“Too many (bridges) have been closed, while others are in such a state of disrepair that the required restrictions render them useless for commercial trucking, school buses, or fire trucks needed to serve our state’s increasing population,” McMaster added.

McMaster called for $500 million of repairs, requesting they be funded via a surplus created from a 2006 sales tax hike. Lawmakers instead opted to return this tax money to home owning South Carolinians in the form of property tax relief. Their plan also set aside $100 million to continue the reduction of the state’s top marginal income tax rate from 7 percent to 6 percent over the coming decade.



Conservative lawmakers expressed their dissatisfaction that the budget proposal failed to make meaningful cuts to state government. S.C. Freedom Caucus vice chairman RJ May III lamented the budget “doesn’t cut a single dollar from a single program.”

While May’s allies introduced numerous amendments attempting to shift funds to what they repeatedly referred to as “core functions of government,” these amendments only garnered the same sixteen or seventeen votes of support typical of conservative amendments opposed by House leadership.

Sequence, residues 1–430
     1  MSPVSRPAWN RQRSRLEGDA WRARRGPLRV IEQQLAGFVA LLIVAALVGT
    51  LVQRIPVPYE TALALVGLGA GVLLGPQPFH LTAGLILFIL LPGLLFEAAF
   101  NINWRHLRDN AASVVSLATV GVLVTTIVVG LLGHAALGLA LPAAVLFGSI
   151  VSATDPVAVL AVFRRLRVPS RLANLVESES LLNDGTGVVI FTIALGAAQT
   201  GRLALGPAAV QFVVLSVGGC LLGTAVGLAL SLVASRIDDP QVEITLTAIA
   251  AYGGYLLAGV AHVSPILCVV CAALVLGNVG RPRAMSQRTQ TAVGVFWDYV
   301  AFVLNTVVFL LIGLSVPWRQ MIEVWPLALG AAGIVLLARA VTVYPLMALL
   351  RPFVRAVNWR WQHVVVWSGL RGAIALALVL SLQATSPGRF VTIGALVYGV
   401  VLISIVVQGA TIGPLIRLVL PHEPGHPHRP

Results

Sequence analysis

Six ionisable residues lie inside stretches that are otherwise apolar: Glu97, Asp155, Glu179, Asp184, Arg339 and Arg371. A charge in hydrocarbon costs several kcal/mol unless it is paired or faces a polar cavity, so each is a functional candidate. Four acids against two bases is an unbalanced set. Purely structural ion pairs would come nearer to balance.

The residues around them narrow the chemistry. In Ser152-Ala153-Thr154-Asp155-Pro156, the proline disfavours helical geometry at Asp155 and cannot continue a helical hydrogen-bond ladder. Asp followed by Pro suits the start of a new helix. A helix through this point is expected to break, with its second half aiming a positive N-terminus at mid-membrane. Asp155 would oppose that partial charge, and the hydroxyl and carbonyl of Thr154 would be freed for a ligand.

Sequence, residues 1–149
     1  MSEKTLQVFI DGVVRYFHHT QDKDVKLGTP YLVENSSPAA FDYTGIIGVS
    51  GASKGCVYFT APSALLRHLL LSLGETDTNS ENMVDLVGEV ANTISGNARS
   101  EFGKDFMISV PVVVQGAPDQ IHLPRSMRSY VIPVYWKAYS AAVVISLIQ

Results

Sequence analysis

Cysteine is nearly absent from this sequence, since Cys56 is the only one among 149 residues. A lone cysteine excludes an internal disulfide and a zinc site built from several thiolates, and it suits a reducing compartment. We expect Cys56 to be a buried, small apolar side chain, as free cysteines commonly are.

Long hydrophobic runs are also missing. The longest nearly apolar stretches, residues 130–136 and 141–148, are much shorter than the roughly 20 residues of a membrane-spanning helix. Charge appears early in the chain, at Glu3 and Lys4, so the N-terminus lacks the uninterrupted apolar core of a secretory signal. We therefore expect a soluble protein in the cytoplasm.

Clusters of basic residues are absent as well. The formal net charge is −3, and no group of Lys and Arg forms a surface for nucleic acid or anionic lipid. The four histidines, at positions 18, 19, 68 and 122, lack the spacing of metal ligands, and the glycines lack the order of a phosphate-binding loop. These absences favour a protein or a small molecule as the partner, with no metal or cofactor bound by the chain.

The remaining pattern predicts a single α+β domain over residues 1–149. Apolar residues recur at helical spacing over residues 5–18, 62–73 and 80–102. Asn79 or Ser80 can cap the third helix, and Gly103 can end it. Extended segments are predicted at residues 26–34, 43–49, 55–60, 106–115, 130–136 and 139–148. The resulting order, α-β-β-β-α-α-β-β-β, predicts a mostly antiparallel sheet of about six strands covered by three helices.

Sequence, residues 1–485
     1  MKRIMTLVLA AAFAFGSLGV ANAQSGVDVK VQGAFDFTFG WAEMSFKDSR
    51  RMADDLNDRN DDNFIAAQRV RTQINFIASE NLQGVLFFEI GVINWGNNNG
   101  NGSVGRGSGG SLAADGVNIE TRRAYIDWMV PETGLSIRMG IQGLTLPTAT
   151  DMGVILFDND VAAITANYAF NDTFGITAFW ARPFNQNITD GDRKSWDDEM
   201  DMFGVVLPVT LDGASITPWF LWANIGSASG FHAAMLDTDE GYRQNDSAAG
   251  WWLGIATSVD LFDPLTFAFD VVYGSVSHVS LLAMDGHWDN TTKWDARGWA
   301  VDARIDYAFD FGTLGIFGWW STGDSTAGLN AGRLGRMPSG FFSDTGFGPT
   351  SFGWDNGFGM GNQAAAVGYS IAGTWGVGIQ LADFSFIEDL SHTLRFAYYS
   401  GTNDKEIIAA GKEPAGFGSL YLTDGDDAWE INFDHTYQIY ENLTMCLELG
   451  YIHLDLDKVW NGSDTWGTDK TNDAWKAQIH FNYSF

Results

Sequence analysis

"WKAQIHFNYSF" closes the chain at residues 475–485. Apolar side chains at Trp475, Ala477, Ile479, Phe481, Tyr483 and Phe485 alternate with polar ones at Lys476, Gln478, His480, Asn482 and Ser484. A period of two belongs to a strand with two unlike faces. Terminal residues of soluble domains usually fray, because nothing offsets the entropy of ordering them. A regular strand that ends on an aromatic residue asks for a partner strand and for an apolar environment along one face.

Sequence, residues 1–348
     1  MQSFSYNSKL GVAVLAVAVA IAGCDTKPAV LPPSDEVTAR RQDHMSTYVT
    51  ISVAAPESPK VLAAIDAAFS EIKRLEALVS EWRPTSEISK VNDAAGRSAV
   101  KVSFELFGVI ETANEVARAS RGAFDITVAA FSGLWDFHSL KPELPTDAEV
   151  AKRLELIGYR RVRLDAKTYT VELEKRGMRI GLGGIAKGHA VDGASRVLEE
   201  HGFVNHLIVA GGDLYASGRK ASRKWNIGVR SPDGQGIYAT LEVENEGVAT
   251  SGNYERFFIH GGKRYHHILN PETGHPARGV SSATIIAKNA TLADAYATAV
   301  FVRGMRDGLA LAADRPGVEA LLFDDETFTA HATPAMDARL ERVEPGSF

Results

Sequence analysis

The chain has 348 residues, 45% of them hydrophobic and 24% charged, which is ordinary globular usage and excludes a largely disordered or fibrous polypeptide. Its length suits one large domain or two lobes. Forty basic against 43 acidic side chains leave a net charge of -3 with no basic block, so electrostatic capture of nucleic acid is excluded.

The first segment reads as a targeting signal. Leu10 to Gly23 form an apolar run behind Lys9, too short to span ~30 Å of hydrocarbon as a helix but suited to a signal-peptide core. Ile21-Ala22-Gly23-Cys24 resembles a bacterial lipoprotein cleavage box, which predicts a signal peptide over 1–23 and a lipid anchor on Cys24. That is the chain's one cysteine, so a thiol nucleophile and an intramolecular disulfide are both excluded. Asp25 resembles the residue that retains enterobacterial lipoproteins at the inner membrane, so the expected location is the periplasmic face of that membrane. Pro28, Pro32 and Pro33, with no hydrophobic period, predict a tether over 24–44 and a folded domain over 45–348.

Republican representative Kathy Landing of Mount Pleasant attacked effort to modify the budget on the House floor.

“To bring something up today, repeatedly, don’t you think it kind of looks like a political trap?” she asked.

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State representative Kathy Landing during a House session on Tuesday, March 14, 2023. (Travis Bell/STATEHOUSE CAROLINA)

Landing grilled state representative Jordan Pace, who raised the issue of the state funding a massive new lease for a consolidated health agency‘s office space prior to the signing of the lease.

Landing took offense to Pace’s objections “when these things have been negotiated and worked on.”

Acknowledging that Pace (or his ideological compatriots) lack a seat on the powerful ways and means committee, Landing told him he could attend committee meetings and “ask questions afterwards” to attempt to resolve issues he has with the legislation.

“Did you do that?” she asked.

“That is not the issue here” Pace replied, arguing the lease in question “is obligating the taxpayer for 20 years, that shouldn’t be discussed behind closed doors … especially when the lease has not been agreed to.”